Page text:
This content is not included in your SAE MOBILUS subscription, or you are not logged in.
COVID Killing Air Purifier Based on UV & Titanium Dioxide Based Photocatalysis System
ISSN: 2641-9637, e-ISSN: 2641-9645
Published April 06, 2021 by SAE International in United States
Event: SAE WCX Digital Summit
Citation: Mathur, G., "COVID Killing Air Purifier Based on UV & Titanium Dioxide Based Photocatalysis System," SAE Int. J. Adv. & Curr. Prac. in Mobility 4(1):143-150, 2022, https://doi.org/10.4271/2021-01-0214.
In a photocatalytic air purifier system, the catalyst that cleans the air is typically titanium dioxide and it is energized by ultraviolet (UV) light. When UV light shines on the titanium dioxide, electrons (negatively charged particles inside atoms) are released at its surface. The electrons interact with water molecules (H2O) in the air, breaking them up into hydroxyl radicals (OH·), 9which are highly reactive, short-lived, uncharged forms of hydroxide ions (OH−). These small, agile hydroxyl radicals then attack bigger organic (carbon-based like virus) pollutant molecules, breaking apart their chemical bonds and turning them into harmless substances such as carbon dioxide and water.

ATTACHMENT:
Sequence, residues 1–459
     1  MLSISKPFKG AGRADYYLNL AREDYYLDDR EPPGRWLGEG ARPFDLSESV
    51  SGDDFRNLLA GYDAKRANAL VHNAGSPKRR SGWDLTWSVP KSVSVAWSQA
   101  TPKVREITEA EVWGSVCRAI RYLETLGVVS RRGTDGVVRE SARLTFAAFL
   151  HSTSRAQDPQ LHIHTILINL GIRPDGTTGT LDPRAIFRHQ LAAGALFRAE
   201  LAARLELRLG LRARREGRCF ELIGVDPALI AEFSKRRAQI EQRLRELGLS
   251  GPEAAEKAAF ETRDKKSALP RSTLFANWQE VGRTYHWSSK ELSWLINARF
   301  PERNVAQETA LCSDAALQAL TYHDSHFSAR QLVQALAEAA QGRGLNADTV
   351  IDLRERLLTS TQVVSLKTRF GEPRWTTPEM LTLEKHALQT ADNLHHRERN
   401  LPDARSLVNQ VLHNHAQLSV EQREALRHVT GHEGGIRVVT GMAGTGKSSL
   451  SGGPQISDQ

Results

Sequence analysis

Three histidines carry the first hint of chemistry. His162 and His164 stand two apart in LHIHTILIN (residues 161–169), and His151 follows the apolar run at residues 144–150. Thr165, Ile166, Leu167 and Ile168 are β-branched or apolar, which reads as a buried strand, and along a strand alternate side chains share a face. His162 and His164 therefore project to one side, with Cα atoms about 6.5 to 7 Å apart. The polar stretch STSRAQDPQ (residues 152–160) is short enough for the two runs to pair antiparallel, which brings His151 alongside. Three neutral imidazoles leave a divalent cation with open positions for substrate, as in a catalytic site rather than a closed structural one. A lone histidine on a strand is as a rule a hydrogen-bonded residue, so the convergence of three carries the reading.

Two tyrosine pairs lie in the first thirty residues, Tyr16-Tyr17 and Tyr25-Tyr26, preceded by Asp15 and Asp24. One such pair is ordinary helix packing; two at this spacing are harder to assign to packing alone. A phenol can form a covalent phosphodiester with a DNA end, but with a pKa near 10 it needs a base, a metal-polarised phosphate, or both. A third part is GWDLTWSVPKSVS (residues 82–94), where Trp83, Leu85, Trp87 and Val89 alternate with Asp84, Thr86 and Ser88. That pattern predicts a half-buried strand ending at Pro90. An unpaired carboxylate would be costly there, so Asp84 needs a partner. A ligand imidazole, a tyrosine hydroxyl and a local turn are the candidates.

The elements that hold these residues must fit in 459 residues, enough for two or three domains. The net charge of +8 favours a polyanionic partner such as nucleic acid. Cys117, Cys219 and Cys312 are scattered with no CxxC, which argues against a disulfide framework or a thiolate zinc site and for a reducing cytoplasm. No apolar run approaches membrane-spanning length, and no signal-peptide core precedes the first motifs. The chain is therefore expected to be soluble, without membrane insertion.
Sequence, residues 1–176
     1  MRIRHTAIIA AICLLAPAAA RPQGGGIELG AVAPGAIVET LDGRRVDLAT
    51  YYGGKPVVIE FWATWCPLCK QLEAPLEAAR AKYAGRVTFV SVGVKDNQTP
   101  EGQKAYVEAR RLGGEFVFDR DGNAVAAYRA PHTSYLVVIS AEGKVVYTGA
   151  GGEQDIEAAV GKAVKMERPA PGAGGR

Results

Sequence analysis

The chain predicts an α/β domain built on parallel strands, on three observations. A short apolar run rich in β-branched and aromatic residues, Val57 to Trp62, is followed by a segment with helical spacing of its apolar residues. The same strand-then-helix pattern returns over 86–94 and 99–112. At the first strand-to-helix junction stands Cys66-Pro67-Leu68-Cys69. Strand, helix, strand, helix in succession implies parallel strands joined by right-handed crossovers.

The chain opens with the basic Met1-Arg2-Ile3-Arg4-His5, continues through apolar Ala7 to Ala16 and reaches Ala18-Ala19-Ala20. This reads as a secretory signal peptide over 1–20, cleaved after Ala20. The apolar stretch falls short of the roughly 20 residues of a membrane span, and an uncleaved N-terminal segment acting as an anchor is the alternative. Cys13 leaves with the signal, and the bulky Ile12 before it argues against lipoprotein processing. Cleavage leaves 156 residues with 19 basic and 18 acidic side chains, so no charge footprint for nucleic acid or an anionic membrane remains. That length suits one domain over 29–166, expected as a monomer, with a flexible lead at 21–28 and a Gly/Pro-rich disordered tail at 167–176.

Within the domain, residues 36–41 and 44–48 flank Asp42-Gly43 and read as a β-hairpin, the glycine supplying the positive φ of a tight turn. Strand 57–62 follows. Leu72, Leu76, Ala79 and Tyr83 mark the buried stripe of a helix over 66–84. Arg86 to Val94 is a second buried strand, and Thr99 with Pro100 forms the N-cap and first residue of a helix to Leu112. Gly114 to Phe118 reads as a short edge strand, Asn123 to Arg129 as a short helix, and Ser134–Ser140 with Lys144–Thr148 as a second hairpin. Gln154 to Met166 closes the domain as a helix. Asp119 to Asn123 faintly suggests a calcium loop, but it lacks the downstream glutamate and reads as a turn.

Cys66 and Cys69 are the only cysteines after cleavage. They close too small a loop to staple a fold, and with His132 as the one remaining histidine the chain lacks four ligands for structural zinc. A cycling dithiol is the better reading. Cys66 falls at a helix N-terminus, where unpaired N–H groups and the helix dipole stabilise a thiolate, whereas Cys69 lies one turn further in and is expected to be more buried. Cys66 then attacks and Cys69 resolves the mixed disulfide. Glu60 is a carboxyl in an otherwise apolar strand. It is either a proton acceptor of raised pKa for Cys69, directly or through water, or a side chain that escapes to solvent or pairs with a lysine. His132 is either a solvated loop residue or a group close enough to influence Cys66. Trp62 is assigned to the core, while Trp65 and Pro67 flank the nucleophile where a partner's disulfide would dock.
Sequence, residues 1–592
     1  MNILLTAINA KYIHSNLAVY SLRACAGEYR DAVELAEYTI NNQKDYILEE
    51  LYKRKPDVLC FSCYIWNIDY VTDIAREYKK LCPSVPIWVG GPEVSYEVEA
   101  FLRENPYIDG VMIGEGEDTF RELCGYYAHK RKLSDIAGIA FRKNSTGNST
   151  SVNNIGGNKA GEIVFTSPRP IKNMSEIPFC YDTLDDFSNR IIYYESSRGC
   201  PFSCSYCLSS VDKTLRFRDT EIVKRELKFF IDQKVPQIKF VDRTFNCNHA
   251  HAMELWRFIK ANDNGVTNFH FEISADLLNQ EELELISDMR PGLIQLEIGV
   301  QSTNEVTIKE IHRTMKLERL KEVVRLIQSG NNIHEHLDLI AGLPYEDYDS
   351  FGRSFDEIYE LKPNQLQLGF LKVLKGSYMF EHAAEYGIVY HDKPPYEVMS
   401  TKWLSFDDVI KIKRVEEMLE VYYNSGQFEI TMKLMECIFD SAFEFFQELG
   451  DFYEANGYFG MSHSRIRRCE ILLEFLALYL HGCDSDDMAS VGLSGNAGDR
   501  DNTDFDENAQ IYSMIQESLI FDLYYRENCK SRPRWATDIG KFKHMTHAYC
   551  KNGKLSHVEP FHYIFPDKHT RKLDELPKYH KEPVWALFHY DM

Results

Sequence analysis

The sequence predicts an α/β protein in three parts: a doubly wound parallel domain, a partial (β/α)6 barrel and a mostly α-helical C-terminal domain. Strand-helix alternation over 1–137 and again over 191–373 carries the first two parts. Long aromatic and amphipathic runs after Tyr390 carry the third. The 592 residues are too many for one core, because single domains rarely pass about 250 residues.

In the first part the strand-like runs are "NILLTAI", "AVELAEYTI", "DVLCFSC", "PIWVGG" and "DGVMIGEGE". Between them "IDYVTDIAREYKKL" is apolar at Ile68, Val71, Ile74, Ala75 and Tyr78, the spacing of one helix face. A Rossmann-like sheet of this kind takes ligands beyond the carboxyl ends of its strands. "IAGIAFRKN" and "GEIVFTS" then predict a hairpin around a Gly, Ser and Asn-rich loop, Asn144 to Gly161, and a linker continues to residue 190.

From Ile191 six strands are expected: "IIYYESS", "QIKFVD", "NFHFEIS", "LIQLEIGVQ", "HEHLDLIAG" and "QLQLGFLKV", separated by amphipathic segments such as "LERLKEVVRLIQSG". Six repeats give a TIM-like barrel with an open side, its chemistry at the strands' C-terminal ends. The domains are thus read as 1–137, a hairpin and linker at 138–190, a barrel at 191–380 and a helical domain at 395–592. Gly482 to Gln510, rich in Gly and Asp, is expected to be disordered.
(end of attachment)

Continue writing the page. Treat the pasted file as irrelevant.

Current investigation uses the above principle to kill living organic germs, bacteria; pathogen, etc. from the cabin air in recirculation mode. A HVAC system has been developed by using a filter impregnated by titanium di-oxide (TiO2) with UV lights to improve and maintain cabin air quality. The developed system has been developed to kill virus, germs, pathogens and bacteria that typically exist in a conditioned space. The designed system can be used for conventional vehicles, EVs, ride sharing and for autonomous vehicles. Tests were conducted at a certified laboratory with MS2, a bacteriophage size of 0.027 microns. MS2 is a proxy for SARS-CoV-2, the virus that causes COVID-19 with a size of 0.125 microns. Effectiveness of the destruction rate was determined for the developed system. Detailed summary will be presented in the paper.